As you would expect, the under 50 age group is the smallest. Only 6.9% of all private jet owners are under 50 years old.
Therefore, 93% of all private jet owners are over 50. The majority are aged between 50 – 70 years old, with around 50% of all private jet owners being within this age bracket.
The final category is the over 70 years old, with around 43% of all private jet owners belonging to this category.
This age distribution can be broken down even further by looking at the age brackets for each category of jet.
As expected, the 50 – 70 age group dominates all categories with one exception – light jets. Within the light jet category, only 43.8% of owners are aged 50 – 70. Rather, the dominant age is 70 plus, with 50.6% of all light jet owners being aged over 70.
Furthermore, when it comes to jet owners under the age of 50, the two most popular categories are very light jets and large jets, with the former being the most popular. Approximately 10% of all very light jets are owned by individuals under 50. Meanwhile, around 8% of all large jets are owned by individuals under the age of 50.
Virtually every registered owner of a private jet around the world is a man. To be exact, 97% of all private jet owners are men.
This is marginally higher than individuals who are fractional jet owners (96.6% of fractional jet owners are men).
Interestingly, this is higher than the gender distribution of the general UHNW population where 89.8% are men.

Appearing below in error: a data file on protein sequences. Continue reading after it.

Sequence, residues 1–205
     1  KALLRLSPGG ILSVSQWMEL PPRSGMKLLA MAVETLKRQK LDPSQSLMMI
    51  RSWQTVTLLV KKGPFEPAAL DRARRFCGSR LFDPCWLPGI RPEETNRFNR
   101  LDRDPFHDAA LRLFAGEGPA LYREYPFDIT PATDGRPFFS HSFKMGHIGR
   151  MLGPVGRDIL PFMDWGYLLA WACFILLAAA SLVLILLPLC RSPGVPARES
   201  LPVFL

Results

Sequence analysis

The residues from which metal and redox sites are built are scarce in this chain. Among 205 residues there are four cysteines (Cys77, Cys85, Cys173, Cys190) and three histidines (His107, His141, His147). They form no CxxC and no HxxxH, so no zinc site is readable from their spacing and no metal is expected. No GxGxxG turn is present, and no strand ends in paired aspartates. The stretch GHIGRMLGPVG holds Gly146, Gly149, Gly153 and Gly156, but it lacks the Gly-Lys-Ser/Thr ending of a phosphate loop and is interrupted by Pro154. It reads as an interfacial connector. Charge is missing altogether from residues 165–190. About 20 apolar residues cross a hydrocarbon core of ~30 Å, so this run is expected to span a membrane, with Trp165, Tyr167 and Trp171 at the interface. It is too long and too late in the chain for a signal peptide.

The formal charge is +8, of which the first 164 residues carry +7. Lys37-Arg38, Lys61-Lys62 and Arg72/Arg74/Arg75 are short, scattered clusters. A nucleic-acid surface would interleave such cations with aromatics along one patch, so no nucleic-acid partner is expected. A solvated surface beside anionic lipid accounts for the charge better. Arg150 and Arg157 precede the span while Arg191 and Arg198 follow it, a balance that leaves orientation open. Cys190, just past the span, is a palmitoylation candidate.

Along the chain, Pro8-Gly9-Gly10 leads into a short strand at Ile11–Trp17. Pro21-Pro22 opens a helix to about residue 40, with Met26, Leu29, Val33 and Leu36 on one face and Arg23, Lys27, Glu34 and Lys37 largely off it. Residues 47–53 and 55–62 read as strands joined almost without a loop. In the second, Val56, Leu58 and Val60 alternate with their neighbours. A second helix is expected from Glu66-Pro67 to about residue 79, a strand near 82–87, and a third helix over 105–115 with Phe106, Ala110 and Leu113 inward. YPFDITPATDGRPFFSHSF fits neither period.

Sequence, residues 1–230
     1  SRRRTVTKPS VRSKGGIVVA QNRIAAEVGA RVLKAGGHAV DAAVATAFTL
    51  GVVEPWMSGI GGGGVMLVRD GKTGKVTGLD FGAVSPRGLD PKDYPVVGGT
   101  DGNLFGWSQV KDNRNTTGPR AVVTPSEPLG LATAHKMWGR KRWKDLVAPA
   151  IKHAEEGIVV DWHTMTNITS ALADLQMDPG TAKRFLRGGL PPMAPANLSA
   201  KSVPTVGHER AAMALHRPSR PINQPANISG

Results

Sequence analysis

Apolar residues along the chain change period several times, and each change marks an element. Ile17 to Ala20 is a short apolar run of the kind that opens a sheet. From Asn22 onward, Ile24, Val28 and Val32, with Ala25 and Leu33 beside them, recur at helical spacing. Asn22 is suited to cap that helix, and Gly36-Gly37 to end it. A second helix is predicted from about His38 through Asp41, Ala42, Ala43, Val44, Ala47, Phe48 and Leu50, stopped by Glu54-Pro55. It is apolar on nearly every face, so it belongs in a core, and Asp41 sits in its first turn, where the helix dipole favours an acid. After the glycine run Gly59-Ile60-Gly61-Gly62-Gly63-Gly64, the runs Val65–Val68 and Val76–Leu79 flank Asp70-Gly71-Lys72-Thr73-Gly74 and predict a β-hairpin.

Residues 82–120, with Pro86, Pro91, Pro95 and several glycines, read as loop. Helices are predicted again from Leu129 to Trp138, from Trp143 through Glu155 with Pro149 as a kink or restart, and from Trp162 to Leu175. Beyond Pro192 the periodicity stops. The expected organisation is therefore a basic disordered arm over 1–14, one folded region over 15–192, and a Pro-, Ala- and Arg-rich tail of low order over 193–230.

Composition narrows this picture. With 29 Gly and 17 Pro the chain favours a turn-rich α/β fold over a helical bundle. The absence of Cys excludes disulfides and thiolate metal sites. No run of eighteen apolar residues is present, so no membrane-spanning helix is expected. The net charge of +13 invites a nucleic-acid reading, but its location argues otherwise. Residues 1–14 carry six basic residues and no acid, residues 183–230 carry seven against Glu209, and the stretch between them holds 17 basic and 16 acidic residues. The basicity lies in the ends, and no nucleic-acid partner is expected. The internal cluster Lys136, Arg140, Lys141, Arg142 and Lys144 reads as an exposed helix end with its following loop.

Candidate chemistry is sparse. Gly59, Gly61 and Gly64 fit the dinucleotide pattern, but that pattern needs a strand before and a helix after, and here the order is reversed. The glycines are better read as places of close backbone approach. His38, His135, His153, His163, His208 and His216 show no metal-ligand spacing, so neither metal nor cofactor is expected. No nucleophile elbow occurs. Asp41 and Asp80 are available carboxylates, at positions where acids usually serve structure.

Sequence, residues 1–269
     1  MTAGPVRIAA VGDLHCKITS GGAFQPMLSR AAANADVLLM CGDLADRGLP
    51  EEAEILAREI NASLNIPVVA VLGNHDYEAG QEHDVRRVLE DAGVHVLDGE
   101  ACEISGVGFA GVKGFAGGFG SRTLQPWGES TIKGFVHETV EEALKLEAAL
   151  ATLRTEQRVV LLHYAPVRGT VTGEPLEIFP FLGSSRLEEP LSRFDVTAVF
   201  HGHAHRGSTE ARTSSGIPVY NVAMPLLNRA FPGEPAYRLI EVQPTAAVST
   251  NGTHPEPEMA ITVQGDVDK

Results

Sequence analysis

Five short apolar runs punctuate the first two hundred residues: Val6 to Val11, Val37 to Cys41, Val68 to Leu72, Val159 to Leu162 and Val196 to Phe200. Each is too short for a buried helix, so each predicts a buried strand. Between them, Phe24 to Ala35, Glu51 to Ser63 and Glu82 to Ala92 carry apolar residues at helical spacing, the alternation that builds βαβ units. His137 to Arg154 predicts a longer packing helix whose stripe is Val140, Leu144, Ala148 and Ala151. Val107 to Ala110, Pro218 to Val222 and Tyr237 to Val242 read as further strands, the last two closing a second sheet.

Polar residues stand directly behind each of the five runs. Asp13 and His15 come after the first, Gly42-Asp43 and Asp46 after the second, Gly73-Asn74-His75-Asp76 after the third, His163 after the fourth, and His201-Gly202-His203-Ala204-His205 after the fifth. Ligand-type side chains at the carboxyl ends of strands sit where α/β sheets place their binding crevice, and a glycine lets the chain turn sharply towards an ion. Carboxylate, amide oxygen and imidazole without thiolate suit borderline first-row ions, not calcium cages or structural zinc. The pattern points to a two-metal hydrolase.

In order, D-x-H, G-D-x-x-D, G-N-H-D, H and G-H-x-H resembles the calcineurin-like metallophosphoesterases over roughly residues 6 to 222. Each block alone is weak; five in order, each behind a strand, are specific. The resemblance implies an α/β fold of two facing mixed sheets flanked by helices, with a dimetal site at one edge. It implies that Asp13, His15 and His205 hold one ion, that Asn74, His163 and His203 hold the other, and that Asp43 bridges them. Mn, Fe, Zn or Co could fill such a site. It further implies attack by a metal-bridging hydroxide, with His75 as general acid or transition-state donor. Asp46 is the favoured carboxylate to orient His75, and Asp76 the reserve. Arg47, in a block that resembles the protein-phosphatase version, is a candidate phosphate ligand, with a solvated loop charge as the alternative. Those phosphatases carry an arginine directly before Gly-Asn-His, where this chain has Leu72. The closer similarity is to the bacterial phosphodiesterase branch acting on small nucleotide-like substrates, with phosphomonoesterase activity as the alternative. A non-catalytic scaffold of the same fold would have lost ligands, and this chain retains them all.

Similar to age, it is possible to look at the distribution based on jet size.
The data allows us to conclude that women are more likely to own larger aircraft and that almost every very light jet is owned by a man.
The gender distribution is as follows:
- Very Light Jets – 98.9% male, 1.1% female
- Light Jets – 97.2% male, 2.8% female
- Midsize Jets – 97.7% male, 2.3% female
- Large Jets- 95.5% male, 4.5% female
From this data, there are some strong conclusions that can be drawn about the typical private jet owner.
The most common private jet ownership profile is an over 50-year-old male from North America, with a passion for philanthropy.
Of course, there are some other conclusions that can be drawn, however, they aren’t quite as stark.
For example, banking and finance is the most popular industry that a private jet owner works in. Net worth is typically greater than $60 million.